Did I mention that the inning began with an error by third baseman Conor Gillaspie? Not the best way to behave in the late innings of a 5-5 game.

The week also was noteworthy on two other occasions. In Monday's makeup game in Kansas City, a game the Sox won in 11 innings on Jordan Danks' home run, the Sox managed four hits and a walk in the top of the ninth, all of which resulted in just one run. That's hard to do. But again on Friday in the bottom of the second inning, the Sox accounted for five hits and just two runs, thanks to Jeff Keppinger being thrown out at home to end the inning.

By the way, Danks the past two seasons has hit two homers, both game-winners. And within hours after each, he was sent back to the minors. If the guy is confused, who can blame him?

(All he did upon returning to Charlotte was team up with brother John for a special Mother's Day win.)

It's scary to think where the Sox would be without its starting pitching, especially Sale and Jake Peavy. They have an 8-3 record between them, an ERA of 2.94 with 94 strikeouts and just 20 bases on balls. All with a porous defense behind them.

And yet, almost 75,000 fans turned up at The Cell for the weekend series, a testament to the notion that "If it's reasonably priced, they will come." Without the ease of the Red Line, though, and with a team whose major achievement this season may be winning the errors title, that notion will be sorely tested.


Roger Wallenstein is our man on the White Sox. He welcomes your comments.

Posted by Beachwood Reporter at 8:52 AM | Permalink

Random Food Report: Lion Tacos, New Zealand Mutton & Honey That Isn't


1. Tests Reveal Honey That Isn't; Fly-Attracting Effectiveness Not Yet Assessed.

In the course of reading an update on the latest attempt by lawmakers to require labels on all "genetically engineered" foods (below), we discovered a related story: almost all store-brand honey sold in the U.S. isn't, in fact, honey.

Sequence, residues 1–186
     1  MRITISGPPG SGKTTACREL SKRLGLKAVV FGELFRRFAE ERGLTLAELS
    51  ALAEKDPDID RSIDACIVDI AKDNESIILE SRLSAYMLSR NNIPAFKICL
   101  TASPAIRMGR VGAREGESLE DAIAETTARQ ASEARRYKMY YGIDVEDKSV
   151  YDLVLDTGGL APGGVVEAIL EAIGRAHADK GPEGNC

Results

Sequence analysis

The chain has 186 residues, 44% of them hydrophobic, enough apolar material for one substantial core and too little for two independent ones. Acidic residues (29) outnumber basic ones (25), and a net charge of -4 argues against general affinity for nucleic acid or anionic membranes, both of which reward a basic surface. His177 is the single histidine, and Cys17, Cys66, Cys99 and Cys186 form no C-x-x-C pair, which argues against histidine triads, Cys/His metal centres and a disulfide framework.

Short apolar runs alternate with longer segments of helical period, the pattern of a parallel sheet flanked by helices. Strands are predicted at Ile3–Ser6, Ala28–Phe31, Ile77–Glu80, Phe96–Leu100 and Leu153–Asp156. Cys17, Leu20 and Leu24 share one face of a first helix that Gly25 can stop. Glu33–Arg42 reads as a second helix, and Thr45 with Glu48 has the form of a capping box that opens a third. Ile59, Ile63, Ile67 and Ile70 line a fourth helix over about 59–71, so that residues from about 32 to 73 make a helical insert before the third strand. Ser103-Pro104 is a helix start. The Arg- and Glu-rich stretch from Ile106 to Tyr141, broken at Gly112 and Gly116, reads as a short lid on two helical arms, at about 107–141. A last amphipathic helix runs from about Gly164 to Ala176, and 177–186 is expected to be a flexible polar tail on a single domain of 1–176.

If you'd like more details, you should a) read the article or b) consult your local melissopalynologist.

While dated (the story ran in November 2011), we felt the article fit into the topic of this edition of the Random Food Report, namely: "mysterious food-like substances," or MFLS, if you will. Note: MFLS are a totally different thing than MILFs, although both go well with sweet, sticky toppings . . . like Nutella.

2. Government Attempting To Influence What People Eat and Drink.

Sen. Barbara Boxer (D-CA) and Rep. Peter DeFazio (D-OR) proposed a new piece of legislation last month that would require the FDA to "clearly label" all "genetically engineered" (GE) foods approved by the agency. The Genetically Engineered Food Right-to-Know Act (or GEFRTKA, for short) should align nicely with public sentiment: Americans overwhelmingly believe genetically modified foods should be labeled as such. Why? Because people say they want to know What the Hell Is In That Stuff.